Friday, June 26, 2009

Ayurvedic Tip #5

Cilantro and Coriander are respectively the leaves and fruit from the same plant (Coriandrum sativum) and are both highly revered in Ayurveda. As a drink, the juice from the fresh leaves are especially useful in the Summer to relieve seasonal sensitivities to blooming flora and can also be used externally as relief for insect bites and other skin rashes.

Friday, June 12, 2009

Ayurvedic Tip #4

Nettle tea is a great Spring beverage, acting as a natural reliever of allergies and seasonal sensitivities. Nettles help to cleanse the kidneys and liver and are rich in Vitamins A and C. They are a natural hemostatic (stops bleeding). They are actually recommended during any cold or soggy season or day but are classically used by Yogis as a Spring tonic.

Wednesday, June 3, 2009

An Ayurvedic Perspective of Spring – Part II

During Winter, we accumulate the effects of the season in our bodies to the point of possible aggravation when the Spring arrives. Ayurveda refers to this as provoked Kapha. Kapha represents the elements of earth and water. Together, these two elements when provoked or in excess are cold, damp, slow, heavy, dull, and downward moving. If you are recognizing some of these aspects, it may be time to shake up some of your energies. Kapha, in its balanced state provides us with strength, stability, joy, happiness and grounding energies.

Spring is a time of upward moving energies. We can observe this movement around us in the form of new growth in the plant world. Sap is rising in the trees and shoots, sprouts, and greens are peeking above the earth. Foods that follow this upward-moving energy are excellent to add to your Spring diet and to help to balance excess Kapha. Scallions, chives, asparagus, celery, and salad greens all grow upward and make for wonderful additions to your diet now.

Similarly to the plant world, our own energies begin to ascend during Spring. We may find it easier to sleep less, rise earlier, and be more physically active. It is a wonderful time to make intentions to exercise and be outdoors more.

We can incorporate a yoga practice as part of our lifestyle. We can harness the natural fluidity in our energies by incorporating more leg-stretches as part of a hatha yoga practice. Asanas which help to open the lungs and expand the chest are also helpful in clearing out any stagnation of energies in our respiratory system and to promote the movement of our circulatory system.

Treat yourself to a nature walk and allow the senses to be stimulated. Stop to smell the sweet scent of roses, honeysuckle, and other wildflowers in bloom. Their captivating kaleidoscope of colors can be an uplifting awakening for the sense of sight. You can hand-pick some for making a refreshing spring tea, a bouquet, or to use for offerings in pujas. These ideas refresh the mind and can be a form of meditation themselves to stimulate the use of the senses with heightened awareness.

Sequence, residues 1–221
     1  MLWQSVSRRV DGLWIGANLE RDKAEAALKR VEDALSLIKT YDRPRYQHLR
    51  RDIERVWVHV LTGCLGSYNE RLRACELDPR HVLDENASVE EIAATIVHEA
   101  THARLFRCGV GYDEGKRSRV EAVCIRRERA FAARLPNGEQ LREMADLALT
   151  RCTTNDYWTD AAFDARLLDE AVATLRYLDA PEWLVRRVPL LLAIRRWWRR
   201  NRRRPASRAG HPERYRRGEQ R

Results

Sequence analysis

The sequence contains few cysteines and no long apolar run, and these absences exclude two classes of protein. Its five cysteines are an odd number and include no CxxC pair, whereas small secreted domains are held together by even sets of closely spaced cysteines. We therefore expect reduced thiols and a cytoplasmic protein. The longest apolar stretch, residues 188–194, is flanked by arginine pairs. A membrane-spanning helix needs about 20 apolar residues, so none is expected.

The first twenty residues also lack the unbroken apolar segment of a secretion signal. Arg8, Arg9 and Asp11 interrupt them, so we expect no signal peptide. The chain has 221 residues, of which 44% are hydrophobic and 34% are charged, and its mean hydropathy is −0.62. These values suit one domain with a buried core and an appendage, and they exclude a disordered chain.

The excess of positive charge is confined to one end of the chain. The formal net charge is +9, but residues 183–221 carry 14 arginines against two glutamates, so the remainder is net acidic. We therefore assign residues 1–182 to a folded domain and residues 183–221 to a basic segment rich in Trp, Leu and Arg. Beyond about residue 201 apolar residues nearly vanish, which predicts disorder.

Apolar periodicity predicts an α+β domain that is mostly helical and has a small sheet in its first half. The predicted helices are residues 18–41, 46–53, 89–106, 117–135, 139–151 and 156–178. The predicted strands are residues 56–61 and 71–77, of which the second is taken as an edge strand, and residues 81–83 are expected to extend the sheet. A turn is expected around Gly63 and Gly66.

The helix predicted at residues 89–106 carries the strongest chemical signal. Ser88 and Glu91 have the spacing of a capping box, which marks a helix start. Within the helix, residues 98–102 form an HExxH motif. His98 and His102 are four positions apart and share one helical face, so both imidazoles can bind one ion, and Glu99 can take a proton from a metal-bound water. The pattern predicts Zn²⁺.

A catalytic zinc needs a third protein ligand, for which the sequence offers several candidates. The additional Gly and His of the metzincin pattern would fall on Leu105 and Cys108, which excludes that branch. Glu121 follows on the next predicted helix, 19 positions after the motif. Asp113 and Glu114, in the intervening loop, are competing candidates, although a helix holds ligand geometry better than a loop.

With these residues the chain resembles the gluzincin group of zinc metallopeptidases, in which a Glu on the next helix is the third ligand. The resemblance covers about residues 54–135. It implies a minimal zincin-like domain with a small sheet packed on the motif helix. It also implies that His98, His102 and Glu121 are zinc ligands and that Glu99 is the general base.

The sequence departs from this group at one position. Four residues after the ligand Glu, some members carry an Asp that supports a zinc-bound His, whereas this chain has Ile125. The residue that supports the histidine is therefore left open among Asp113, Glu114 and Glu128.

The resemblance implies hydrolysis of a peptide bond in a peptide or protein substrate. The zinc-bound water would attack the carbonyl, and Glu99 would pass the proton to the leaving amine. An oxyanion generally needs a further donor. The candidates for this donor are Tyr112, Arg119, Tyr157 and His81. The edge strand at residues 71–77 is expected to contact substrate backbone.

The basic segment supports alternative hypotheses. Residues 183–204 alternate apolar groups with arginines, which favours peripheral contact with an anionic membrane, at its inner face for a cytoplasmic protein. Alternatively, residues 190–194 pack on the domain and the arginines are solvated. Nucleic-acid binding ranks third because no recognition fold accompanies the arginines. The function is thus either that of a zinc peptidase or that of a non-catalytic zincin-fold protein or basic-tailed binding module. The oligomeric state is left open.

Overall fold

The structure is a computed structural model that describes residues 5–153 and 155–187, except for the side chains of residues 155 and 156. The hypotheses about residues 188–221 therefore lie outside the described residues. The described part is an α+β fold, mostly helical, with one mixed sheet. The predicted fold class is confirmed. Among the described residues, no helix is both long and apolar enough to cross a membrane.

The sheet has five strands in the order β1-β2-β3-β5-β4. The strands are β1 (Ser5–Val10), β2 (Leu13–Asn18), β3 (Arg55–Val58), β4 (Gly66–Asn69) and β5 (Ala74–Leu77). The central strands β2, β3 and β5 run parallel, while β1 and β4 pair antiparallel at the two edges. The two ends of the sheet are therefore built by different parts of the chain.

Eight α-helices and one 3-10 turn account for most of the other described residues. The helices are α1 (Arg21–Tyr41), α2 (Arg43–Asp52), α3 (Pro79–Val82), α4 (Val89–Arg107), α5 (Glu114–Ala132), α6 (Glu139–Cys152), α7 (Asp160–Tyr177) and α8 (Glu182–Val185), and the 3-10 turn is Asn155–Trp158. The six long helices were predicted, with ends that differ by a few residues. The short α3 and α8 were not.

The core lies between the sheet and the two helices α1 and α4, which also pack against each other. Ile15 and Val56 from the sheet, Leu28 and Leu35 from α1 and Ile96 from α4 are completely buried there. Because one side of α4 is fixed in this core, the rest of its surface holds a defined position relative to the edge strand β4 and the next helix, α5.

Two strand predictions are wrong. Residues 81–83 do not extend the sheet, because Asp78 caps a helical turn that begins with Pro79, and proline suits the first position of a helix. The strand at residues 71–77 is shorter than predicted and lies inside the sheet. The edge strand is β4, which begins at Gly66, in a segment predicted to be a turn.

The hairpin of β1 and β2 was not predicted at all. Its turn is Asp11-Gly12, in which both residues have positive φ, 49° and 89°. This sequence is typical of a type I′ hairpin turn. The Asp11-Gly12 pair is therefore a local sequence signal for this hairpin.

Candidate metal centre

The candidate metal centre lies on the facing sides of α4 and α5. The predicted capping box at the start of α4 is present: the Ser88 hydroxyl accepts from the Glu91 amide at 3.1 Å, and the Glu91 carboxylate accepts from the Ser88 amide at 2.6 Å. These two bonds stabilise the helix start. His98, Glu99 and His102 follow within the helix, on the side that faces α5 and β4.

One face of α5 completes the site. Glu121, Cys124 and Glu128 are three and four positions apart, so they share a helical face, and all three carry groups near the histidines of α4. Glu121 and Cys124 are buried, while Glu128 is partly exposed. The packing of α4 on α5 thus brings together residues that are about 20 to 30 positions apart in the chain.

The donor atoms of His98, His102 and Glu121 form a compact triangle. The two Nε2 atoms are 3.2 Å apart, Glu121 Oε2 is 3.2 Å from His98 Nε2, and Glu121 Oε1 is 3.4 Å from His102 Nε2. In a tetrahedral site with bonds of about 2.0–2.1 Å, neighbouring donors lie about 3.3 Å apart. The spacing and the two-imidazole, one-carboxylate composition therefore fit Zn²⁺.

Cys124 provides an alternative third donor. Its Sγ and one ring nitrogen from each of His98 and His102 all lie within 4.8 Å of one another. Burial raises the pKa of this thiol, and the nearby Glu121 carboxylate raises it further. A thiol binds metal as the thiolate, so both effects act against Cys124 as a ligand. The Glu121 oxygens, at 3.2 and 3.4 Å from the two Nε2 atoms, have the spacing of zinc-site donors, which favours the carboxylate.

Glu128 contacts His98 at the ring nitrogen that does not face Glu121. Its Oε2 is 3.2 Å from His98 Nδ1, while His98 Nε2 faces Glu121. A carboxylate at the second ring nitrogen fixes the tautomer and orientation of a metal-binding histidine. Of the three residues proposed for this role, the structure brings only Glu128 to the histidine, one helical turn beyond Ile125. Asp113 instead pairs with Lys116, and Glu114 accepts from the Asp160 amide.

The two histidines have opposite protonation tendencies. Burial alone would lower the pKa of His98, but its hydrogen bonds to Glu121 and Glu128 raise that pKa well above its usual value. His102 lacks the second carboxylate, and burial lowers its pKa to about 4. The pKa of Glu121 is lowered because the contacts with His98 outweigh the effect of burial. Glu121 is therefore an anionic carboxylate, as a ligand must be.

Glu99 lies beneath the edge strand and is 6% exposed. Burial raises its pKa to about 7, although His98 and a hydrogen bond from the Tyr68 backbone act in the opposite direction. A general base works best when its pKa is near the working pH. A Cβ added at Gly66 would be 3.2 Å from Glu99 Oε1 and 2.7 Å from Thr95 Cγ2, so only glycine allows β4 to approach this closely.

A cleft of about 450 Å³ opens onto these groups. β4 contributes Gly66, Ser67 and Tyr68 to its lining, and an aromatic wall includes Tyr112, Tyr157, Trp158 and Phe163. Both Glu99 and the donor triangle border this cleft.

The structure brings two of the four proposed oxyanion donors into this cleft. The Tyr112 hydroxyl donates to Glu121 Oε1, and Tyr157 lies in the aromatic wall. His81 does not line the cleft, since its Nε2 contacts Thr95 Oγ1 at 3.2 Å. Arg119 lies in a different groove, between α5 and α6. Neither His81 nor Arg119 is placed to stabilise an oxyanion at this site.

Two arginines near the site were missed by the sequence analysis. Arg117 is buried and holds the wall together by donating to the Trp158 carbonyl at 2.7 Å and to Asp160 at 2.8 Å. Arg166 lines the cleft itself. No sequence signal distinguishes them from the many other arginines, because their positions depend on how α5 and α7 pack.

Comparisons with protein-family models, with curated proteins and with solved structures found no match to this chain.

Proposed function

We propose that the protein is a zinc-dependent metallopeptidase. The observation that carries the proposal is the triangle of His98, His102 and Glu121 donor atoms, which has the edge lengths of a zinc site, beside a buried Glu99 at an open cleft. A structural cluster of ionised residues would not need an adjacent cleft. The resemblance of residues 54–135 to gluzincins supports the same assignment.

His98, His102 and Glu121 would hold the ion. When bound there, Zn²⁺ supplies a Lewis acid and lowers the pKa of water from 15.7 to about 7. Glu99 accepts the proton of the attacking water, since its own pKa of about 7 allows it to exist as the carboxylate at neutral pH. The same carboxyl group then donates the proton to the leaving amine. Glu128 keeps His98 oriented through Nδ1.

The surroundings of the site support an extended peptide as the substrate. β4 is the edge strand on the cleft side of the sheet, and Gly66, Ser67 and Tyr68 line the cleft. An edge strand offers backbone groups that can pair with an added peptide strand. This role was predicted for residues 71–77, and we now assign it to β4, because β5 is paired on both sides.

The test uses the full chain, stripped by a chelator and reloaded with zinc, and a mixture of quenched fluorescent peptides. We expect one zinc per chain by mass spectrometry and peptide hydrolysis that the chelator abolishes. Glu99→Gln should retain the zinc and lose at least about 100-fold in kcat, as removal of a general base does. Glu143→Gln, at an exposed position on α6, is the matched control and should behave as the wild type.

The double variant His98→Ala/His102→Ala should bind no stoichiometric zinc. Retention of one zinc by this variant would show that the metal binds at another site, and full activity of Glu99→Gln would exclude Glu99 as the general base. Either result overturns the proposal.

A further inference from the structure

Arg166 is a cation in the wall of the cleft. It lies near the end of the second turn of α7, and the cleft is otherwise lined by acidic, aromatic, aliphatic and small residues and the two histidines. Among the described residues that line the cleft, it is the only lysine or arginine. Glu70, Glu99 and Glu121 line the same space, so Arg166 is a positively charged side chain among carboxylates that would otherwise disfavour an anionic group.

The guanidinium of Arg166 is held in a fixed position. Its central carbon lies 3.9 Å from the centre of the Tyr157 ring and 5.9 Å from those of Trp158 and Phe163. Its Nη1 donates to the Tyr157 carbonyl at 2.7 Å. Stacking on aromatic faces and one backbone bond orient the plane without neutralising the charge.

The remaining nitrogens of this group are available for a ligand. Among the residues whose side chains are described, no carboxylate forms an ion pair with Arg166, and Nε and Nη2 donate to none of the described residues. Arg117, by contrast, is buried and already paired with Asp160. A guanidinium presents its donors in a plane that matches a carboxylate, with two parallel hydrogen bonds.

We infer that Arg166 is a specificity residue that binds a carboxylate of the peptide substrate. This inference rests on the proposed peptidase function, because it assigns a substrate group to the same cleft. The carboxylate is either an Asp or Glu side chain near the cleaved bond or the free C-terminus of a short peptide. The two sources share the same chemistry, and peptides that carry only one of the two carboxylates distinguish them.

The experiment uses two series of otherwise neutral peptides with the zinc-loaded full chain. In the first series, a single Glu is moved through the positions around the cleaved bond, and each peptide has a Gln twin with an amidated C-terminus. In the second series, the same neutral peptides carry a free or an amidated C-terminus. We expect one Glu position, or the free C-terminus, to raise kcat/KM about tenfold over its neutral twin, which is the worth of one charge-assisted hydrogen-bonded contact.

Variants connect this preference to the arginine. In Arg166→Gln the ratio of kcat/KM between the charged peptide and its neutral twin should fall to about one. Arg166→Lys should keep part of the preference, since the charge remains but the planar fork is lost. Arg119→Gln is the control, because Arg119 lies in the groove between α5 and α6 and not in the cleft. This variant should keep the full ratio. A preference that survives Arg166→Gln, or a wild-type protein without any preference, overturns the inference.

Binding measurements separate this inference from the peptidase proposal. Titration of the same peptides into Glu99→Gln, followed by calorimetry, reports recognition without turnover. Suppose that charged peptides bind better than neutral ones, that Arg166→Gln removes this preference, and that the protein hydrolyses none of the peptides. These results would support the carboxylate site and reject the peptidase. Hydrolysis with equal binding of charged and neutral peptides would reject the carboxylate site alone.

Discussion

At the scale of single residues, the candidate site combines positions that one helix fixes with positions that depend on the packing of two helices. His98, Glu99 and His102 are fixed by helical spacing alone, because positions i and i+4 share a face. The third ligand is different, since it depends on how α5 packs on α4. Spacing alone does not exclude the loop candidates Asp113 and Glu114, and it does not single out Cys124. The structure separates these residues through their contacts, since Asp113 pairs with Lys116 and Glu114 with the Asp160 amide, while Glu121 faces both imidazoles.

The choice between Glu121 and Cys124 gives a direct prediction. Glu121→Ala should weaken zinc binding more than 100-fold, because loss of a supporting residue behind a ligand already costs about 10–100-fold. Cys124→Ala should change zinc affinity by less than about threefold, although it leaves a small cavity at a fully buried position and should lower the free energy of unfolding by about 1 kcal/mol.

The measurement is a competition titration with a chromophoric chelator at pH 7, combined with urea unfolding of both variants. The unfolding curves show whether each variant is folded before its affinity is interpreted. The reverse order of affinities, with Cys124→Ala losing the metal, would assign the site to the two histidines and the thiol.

Other meditations or intentions that are synchronized with the Spring season is letting go of any lingering attachments. The energies of Spring are conducive to detaching from old habits and clearing mental clutter. By doing so, it creates more space in the mind and allows for clearer recognition of new potentials and the ability to welcome them in life.

Within a larger context, we ourselves can grow as a part of this seasonal change and realize our intentions of appreciation and devotion to the infinite interweaving of energies which allow us to witness these wonders. The abilities of the mind and consciousness to be aware of such divine experiences can be our greatest gift in embracing these energies and furthering the awareness of the subtle causation lying beneath the outward appearance of such beauty. Spring can be a brilliant setting to embrace the fact that it is the existence of this beauty within us that allows us to appreciate it in the outer world.

Monday, June 1, 2009

Ayurvedic Tip #3

Meditation with deep breathing is perhaps the best medicine. Sitting silently for as little as five minutes in the morning and before bed can cure even serious disease conditions. When our mind and body are completely relaxed, our immune system can function properly on the areas that need healing. Meditation is a safe and very effective method to manage our stress, which aggravates all disease conditions.

Sunday, May 31, 2009

Ayurvedic Tip #2

Did you know that keeping your tongue clean is a simple and vital key to not just dental, but overall health? Most of the bacteria that causes cavities and gum problems lives on your tongue. Having a clean tongue will also improve your overall health, and of course, your breath. A tongue scraper can be purchased at most health food store or Indian markets. Plastic tongues scrappers are OK, but stainless steel are better. Traditional copper ones are antiseptic and promote better oral care.

Saturday, May 30, 2009

Ayurvedic Tip #1